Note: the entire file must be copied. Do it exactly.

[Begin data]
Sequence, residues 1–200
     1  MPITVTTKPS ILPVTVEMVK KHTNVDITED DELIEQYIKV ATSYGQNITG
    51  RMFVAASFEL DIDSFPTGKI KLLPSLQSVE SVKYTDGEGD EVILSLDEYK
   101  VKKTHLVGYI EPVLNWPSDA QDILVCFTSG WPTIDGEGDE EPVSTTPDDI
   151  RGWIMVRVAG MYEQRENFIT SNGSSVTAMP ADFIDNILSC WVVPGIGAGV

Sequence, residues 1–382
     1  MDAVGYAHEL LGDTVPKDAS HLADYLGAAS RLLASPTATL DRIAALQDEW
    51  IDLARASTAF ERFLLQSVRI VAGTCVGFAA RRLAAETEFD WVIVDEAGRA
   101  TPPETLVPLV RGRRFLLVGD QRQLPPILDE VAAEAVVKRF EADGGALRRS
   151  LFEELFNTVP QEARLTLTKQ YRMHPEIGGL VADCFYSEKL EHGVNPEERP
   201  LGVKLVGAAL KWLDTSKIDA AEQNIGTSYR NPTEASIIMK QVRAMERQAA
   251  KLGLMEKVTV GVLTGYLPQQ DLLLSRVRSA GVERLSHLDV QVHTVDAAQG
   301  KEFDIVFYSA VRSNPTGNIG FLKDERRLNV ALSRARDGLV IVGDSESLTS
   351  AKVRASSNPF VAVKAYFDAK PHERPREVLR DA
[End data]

Sequence, residues 1–200
     1  MPITVTTKPS ILPVTVEMVK KHTNVDITED DELIEQYIKV ATSYGQNITG
    51  RMFVAASFEL DIDSFPTGKI KLLPSLQSVE SVKYTDGEGD EVILSLDEYK
   101  VKKTHLVGYI EPVLNWPSDA QDILVCFTSG WPTIDGEGDE EPVSTTPDDI
   151  RGWIMVRVAG MYEQRENFIT SNGSSVTAMP ADFIDNILSC WVVPGIGAGV

Sequence, residues 1–382
     1  MDAVGYAHEL LGDTVPKDAS HLADYLGAAS RLLASPTATL DRIAALQDEW
    51  IDLARASTAF ERFLLQSVRI VAGTCVGFAA RRLAAETEFD WVIVDEAGRA
   101  TPPETLVPLV RGRRFLLVGD QRQLPPILDE VAAEAVVKRF EADGGALRRS
   151  LFEELFNTVP QEARLTLTKQ YRMHPEIGGL VADCFYSEKL EHGVNPEERP
   201  LGVKLVGAAL KWLDTSKIDA AEQNIGTSYR NPTEASIIMK QVRAMERQAA
   251  KLGLMEKVTV GVLTGYLPQQ DLLLSRVRSA GVERLSHLDV QVHTVDAAQG
   301  KEFDIVFYSA VRSNPTGNIG FLKDERRLNV ALSRARDGLV IVGDSESLTS
   351  AKVRASSNPF VAVKAYFDAK PHERPREVLR DA